Takeaway: Sometimes Amazon will have to fix something that they are having a problem with. Just make sure to try to do everything you can before asking them for help.

Handling all Outcomes

The next two problems Amazon had with the skill, was that when trying to invoke the skill using “Alexa ask edit docs to update ideas with the following i really enjoy this project”, Alexa would return this: “There was a problem communicating with the requested skill”. After some digging around in the code, I found that source of the problem. When searching for a file in your drive account, if there was no file found, the function from google would not return an error, instead, it would return a success and continue on. The issue here was I was not handling the event when no files matched the search name.

Takeaway: Make sure to handle all outcomes of your code, otherwise it can cause Alexa to output an error message.

Submission #3

At this point, I assumed Amazon had random issue generator that would automatically email me with more issues. Luckily, at this point there was only one thing wrong this time.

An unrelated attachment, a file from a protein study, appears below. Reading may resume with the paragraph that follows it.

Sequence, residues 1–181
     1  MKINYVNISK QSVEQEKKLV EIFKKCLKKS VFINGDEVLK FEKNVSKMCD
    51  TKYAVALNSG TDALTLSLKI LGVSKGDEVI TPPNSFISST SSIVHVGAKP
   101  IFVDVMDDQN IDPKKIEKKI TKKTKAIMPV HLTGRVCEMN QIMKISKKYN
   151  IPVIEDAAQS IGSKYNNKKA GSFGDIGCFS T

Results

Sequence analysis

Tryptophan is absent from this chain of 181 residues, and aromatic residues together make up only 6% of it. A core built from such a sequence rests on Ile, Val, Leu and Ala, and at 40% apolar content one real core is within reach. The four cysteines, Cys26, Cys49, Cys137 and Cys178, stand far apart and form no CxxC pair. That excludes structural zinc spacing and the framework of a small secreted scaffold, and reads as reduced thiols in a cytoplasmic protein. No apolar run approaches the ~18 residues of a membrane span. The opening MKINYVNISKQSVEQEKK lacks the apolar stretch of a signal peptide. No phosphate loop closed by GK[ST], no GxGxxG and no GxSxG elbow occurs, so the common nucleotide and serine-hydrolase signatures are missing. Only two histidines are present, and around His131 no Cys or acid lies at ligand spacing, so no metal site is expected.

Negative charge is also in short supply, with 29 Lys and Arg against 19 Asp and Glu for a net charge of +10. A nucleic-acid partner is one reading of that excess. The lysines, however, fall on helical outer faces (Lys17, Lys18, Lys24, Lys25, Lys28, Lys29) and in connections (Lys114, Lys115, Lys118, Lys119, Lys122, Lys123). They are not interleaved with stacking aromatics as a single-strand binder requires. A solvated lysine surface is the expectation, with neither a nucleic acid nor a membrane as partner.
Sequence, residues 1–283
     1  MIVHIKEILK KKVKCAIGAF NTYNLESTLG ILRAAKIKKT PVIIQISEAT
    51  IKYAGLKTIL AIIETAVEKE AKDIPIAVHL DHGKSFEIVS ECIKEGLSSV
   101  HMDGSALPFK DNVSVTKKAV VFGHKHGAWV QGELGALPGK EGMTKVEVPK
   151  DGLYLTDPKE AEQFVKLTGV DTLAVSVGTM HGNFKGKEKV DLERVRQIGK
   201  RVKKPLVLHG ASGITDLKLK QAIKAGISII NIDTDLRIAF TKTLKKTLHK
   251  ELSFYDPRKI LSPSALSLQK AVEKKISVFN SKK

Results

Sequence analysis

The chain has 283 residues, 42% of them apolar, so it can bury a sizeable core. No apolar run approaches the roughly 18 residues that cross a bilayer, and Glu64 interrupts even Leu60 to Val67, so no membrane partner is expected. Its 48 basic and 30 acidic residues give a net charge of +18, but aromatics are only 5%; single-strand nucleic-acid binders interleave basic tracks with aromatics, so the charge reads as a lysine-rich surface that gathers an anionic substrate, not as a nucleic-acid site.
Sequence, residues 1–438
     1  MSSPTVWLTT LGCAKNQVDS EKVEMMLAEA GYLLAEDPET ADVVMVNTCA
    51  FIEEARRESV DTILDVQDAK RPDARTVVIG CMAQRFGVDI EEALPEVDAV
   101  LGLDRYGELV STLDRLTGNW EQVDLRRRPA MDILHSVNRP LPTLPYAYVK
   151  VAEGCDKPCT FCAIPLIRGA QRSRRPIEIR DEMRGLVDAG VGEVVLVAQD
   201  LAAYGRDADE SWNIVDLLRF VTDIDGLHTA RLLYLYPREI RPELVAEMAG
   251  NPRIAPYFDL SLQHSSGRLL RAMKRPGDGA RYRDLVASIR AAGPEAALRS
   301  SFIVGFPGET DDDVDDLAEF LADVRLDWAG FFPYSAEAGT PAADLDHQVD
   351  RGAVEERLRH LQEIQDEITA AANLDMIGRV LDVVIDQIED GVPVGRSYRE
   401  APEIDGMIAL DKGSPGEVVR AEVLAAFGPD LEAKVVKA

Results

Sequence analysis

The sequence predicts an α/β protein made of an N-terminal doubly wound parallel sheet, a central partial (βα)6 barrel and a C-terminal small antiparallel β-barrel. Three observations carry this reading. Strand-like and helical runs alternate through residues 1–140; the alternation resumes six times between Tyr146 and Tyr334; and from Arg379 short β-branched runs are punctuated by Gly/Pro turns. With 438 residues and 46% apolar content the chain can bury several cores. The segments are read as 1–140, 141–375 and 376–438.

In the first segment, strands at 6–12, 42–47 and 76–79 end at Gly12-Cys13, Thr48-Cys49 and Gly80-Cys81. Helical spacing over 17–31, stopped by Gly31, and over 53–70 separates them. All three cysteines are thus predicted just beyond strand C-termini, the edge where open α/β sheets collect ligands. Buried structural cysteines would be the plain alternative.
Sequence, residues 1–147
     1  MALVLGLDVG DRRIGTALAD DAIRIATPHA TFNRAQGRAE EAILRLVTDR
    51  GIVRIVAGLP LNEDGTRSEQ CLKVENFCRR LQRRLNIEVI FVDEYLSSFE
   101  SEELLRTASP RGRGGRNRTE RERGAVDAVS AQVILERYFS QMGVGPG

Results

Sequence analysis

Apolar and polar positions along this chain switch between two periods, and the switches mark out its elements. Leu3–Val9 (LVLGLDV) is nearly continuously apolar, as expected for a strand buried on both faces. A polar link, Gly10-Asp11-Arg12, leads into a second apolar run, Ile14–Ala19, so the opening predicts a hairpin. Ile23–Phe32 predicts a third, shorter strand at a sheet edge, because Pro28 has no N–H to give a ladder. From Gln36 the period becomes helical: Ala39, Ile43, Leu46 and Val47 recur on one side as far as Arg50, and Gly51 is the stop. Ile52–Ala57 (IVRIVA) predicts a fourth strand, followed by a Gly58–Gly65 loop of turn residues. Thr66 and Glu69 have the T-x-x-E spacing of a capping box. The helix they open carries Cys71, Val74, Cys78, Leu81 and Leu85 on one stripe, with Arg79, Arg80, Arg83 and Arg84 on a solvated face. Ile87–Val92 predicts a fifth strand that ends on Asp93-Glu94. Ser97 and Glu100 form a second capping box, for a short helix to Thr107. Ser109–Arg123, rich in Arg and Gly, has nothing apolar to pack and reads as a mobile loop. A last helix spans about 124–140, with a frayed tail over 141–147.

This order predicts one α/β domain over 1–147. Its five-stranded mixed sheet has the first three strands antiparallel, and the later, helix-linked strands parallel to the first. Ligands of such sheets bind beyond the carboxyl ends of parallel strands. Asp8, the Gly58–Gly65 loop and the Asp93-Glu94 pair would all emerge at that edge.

Launching Your Skill

When invoking the skill by simply saying: “Alexa, open edit docs”, my skill automatically listed the files you have in your Google Drive. Instead when invoking the skill through a basic Launch Intent Request (when you say “Alexa, open edit docs”) they would almost like a welcome menu that gives a quick explanation of the skill and how it can be used. Once it is finished responding it maintains the session open for the user to respond with what they like. To keep the session open after replying with Alexa, make sure to use:

response.ask(output)

Instead of:

response.tell(output)

Takeaway: Allow the Launch Intent to be almost like a welcome menu for the user to use the skill.

Submission #4

Once again Amazon used their random issue generator on me, and came back with two brand new problems.

AMAZON.HelpIntent